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City Council candidate Teresa Mosqueda on leadership: ‘I’ve worked with people I don’t agree with every day, but I try to find common ground’

The people running for office this November have lots of policy ideas for Seattle. But how would they actually learn and lead? Nine Evergrey readers sat down with them to find out in a project we’re calling The Evergrey Leadership Lab.

First-time Seattle City Council candidate Teresa Mosqueda is the political and strategic campaign director for the Washington Labor Council, AFL-CIO. She is running against housing advocate Jon Grant for Position 8, a citywide office.

We asked each candidate, “What are you still learning about being a leader?”

 

Our takeaways from talking with Teresa:

1. She wants to find consensus, but won’t compromise on her values.

“I think that the conversations that I’ve had, I’ve always tried to look for where there’s commonality. Even people who are very concerned about change, what I hear from them is not necessarily is not objection to change, it’s that their voice is not being heard and that our neighborhoods are more than where we live, it’s our identity… As change occurs though, people just want to see their voices being heard and that they have someone to talk to. For small businesses to large, from neighborhoods to folks who want to see development and mass transit, I think there is commonality and I’m just trying to have conversations with folks and ask them what they think.”

2. She finds that consensus by looking for commonalities.

“I am interested in making progressive change and I have done that by pushing the ball forward, by making changes that significantly impact people. But I don’t do that by compromising on my values…In one of our earlier forums, Jon and I were asked, do you pledge not to work with five of the nine corporate council members, and I said, ‘No, that’s not how you make good governance.’ Five out of nine is the majority. You have to be able to work with people to get things done. I’ve worked with people I don’t agree with every day, but I try to find common ground. Maybe you’re a legislator who voted against my bill, but I’m still coming to talk with you about the next bill because that’s why it’s important to keep relationships and be honest and have integrity. In Olympia, in city council, your word is your only currency sometimes. I want to be able to keep relationships even if people disagree with me so that hopefully we move them to more progressive places or get more consensus later on. It’s not about going along to get along, but it’s about good governance.”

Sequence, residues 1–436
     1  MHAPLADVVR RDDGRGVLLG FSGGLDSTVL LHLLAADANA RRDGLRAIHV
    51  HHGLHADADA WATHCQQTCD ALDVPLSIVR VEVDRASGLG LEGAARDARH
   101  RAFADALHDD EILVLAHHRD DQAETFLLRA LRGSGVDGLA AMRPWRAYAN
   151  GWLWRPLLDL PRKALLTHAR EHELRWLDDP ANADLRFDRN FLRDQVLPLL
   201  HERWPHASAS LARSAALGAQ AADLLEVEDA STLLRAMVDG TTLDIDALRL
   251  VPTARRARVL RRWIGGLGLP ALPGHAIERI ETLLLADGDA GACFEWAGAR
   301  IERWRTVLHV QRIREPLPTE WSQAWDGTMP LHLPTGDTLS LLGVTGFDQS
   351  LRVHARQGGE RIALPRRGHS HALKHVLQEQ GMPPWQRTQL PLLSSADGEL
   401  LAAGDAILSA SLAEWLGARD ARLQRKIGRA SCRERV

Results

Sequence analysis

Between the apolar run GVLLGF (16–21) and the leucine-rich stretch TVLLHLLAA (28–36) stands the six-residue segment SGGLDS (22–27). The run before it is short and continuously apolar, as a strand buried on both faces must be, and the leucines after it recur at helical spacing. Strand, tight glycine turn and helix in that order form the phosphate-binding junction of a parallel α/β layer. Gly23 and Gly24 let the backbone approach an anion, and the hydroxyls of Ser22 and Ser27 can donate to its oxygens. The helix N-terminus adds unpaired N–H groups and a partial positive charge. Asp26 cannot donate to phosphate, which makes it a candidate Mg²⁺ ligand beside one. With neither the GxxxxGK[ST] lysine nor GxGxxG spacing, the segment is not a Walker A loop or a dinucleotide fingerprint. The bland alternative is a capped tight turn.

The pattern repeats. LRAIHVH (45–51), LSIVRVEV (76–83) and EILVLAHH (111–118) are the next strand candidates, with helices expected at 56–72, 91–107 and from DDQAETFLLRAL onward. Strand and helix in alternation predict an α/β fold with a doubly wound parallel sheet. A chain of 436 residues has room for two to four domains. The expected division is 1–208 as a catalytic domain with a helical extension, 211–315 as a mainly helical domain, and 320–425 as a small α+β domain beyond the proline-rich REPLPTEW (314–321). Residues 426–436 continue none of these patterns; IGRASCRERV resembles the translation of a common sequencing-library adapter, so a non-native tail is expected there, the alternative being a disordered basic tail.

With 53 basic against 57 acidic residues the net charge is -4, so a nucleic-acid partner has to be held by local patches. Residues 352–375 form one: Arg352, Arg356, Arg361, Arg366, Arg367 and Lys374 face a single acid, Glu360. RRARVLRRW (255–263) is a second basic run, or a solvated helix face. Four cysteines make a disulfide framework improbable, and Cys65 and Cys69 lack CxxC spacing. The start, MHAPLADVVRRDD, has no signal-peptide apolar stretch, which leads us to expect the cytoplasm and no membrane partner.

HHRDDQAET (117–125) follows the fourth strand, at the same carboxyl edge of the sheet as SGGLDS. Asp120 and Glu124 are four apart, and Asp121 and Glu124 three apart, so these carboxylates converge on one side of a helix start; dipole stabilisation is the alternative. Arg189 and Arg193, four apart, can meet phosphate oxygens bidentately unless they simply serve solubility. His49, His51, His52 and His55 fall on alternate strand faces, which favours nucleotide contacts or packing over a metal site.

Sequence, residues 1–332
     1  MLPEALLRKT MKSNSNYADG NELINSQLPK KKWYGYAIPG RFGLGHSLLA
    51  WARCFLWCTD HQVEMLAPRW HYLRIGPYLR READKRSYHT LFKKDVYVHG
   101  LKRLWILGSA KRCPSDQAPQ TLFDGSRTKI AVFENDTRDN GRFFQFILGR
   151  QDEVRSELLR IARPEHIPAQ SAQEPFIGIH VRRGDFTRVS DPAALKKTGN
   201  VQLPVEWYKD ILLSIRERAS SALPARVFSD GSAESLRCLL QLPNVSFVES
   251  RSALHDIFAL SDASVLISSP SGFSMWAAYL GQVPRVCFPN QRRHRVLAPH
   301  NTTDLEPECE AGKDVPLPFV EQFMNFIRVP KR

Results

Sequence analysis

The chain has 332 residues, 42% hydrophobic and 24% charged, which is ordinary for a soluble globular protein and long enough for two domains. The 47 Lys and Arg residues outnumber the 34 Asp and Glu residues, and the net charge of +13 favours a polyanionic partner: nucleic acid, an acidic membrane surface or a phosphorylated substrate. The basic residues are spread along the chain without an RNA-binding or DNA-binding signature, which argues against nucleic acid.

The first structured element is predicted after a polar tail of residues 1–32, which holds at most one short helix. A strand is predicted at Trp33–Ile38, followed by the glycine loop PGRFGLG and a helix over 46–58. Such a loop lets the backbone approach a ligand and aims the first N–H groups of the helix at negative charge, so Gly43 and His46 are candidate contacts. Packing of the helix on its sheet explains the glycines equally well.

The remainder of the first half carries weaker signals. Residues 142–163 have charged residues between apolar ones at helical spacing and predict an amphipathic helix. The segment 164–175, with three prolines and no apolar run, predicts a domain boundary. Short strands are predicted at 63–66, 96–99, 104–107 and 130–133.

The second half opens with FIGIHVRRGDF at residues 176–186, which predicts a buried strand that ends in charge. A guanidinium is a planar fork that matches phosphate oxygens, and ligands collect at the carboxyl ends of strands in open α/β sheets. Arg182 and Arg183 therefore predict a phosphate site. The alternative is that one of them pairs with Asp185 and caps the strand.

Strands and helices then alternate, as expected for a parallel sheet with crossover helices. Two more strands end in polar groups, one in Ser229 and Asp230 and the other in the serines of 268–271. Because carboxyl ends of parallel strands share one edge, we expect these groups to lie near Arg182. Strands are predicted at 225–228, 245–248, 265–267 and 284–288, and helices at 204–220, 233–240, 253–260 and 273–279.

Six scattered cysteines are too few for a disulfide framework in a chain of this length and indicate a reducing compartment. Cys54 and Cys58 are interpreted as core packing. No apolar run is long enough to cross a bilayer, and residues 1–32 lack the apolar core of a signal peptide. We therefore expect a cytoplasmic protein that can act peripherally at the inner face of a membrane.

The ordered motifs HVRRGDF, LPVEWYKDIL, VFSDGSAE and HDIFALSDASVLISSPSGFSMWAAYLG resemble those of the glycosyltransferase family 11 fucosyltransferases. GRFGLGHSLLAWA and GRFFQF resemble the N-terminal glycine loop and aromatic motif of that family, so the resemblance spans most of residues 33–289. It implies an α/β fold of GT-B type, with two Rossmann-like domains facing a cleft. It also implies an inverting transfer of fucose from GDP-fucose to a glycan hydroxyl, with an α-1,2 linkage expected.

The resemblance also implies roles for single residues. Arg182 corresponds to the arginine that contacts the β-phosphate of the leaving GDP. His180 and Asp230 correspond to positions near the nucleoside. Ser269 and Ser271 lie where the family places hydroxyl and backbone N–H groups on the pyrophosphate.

Here’s what The Evergrey Leadership Lab interviewers thought of the conversation:

Elliott Bronstein:

Teresa Mosqueda spoke wisely and thoughtfully about how building relationships – even with people diametrically opposed to your positions – pays off over time. Over the next four years, Seattle City Council is going to benefit from people who know how to listen, learn, and keep moving forward.

Rachael Ludwick:

I went into this interview with a strongly positive opinion for Mosqueda (and almost certain to vote for her). I came out still pretty positive though I think maybe more realistically so. Mosqueda rightly touts her long history of working on major legislation. What we tried to dig into was how that process went, maybe even more than Grant, she tended to get into the details of legislation and the outcomes, as opposed to the process. We never really got into a moment where she felt like it was failing or she felt it would give up. We closed with a question about what aspect of leadership she’s still working on. I had thought Grant going into the issue of him being a white-straight-man and being unaware of how he’s impacting people, etc. and still working on that was kind of a “gimme” (though kudos to him for bringing it up). Mosqueda brought up one that was interesting and unexpected to me. She mentioned the tendency toward absolutism and divisiveness and her concern that she could add fuel to the fire. She mentioned that she doesn’t believe in writing proposals for laws before talking to people, but that even with that she has become aware how she can add to it. There’s not really a firm take away or conclusion here, but it just wasn’t something I’d expected her to answer with as a thing she’s working on in terms of leadership style as her public persona is so clearly aimed at coalition building.

Eric Svaren:

Teresa Mosqueda has worked in policy circles for years and, like Lorena González, seemed to be an experienced dealmaker, undaunted by working with groups with opposing agendas and proposals. We will need those skills on the council. Like Durkan and González, she struck me as having a lot of patience, working issues over many years. However, I did not get a sense from her that she’s had the experience of failure or being attacked. Those things happen to all leaders, elected and otherwise, and it’s essential for leaders to be able to pick themselves up, dust themselves off and carry on. I wanted to hear about an experience like that from Teresa in order to gauge her resilience and self-awareness, but we could not elicit one from her.

Austin Valeske:

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Curious how the rest of the conversation went? Check out our whole interview with Teresa here:

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Thanks to Teresa Mosqueda and her staff for making the time to chat with us, and to Evergrey Leadership Lab interviewers Elliott Bronstein, Rachael Ludwick, Eric Svaren, and Austin Valeske.